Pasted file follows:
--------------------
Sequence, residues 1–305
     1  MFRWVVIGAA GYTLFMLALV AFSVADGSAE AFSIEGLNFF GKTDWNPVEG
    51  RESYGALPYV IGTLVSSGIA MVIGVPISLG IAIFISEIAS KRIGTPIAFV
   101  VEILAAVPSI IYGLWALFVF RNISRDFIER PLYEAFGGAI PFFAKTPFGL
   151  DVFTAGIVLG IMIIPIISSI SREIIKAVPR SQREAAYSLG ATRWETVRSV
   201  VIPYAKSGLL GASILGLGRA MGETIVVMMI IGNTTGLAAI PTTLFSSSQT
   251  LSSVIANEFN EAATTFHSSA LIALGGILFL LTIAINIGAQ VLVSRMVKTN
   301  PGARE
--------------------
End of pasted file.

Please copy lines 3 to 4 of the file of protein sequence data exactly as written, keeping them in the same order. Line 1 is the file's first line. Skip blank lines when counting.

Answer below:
    51  RESYGALPYV IGTLVSSGIA MVIGVPISLG IAIFISEIAS KRIGTPIAFV
   101  VEILAAVPSI IYGLWALFVF RNISRDFIER PLYEAFGGAI PFFAKTPFGL